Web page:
The thermometer on our back porch reads exactly 40 degrees at 05:30 this morning, one of the cooler mornings of the budding fall season.
According to the National Weather Service’s Blacksburg office, the temperature is expected to reach around 67 by this afternoon. — also cooler than the last few days.
Predictions say highs will rise slightly during the week, reaching 78 on Thursday and Friday with little chance of rain with sunny days mostly and clouds for the coming weekend with rain perhaps returning to the area at the beginning of next week.
Looks like a reasonably nice first week of October and forecasts, at the moment, say things should stay pretty much the same for the next 10 days while longer-range outlooks suggest things should remain pretty much the same.
The Old Farmer’s Almanac, the long-range procrastinator that many swear by while other swear at, says the Southeast should see milder-than-normal temperatures while the Northeast, central Great Plains, Intermountain region and areas from eastern Tennessee through New Mexico could get above-normal amounts of snowfall.
Eastern Tennessee, of course, is not that far from us in Southwestern Virginia so a slight shift could see us under more what stuff than we might like.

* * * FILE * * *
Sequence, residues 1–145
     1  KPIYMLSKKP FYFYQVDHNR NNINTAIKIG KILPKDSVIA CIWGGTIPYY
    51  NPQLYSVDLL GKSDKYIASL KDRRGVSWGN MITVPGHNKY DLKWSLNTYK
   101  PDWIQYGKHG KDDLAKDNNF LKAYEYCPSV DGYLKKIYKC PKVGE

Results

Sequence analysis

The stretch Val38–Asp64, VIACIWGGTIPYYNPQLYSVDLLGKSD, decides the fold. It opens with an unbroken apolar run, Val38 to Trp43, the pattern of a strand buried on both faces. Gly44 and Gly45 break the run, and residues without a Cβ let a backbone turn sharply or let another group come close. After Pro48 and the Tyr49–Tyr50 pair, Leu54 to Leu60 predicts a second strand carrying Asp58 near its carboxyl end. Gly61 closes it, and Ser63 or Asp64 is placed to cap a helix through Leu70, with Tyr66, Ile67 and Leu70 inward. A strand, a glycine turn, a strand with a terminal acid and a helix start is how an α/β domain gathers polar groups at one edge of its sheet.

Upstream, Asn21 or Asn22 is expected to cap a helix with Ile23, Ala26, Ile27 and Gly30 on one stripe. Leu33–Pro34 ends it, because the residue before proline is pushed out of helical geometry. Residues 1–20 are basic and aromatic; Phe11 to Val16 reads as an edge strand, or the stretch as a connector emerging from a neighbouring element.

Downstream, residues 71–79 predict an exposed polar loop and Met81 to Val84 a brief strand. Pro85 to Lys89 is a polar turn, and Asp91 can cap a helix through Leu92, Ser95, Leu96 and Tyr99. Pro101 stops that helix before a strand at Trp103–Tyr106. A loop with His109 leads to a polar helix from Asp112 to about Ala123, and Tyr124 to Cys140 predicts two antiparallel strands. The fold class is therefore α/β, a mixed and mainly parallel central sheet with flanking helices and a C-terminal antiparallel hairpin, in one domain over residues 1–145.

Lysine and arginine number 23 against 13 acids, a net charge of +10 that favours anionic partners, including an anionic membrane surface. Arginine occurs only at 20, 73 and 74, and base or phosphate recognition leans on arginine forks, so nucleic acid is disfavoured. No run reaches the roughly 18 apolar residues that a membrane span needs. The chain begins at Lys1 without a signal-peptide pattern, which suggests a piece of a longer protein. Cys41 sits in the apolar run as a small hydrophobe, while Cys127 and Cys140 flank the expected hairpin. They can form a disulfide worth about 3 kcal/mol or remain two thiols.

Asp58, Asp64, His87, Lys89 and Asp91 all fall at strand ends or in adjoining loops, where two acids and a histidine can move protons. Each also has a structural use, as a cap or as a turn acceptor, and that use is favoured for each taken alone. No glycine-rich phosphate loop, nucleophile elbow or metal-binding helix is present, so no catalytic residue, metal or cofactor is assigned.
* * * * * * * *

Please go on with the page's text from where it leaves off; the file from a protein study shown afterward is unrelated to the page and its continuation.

This winter is forecast to be much colder than last year’s, but—just like last winter—not colder than usual. In fact, a large part of the northern United States will experience milder-than-average temperatures (though we would still recommend having your long underwear on-hand), while much of the South and West can expect to feel cooler than normal. Escaping this chill are Florida and the Southeast, where milder-than-usual temperatures will be felt.
Of course, we haven’t heard from the wooly worms yet. My maternal granddaddy used to say they were the only “real” long-range forecasters for winter.
“If the wooly worms are big and black, bundle up and get ready for a rough winter,” he often said.
Most of the time, he was right..except when the woolies are wrong.
In the end, all the doppler radar, computer forecast models and “meteorologists” can pontificate until the cows come home before they issue what is basically a guess.
The only one who may know what’s coming from Old Man Winter is Mother Nature and she can, and often does, change or mind or have “bad hair days” or PMS.
My wife has a T-Shirt that reads: “I have a gun and PMS. Any questions?”
None whatsoever dear. Carry on.
She will…and so will Mother Nature.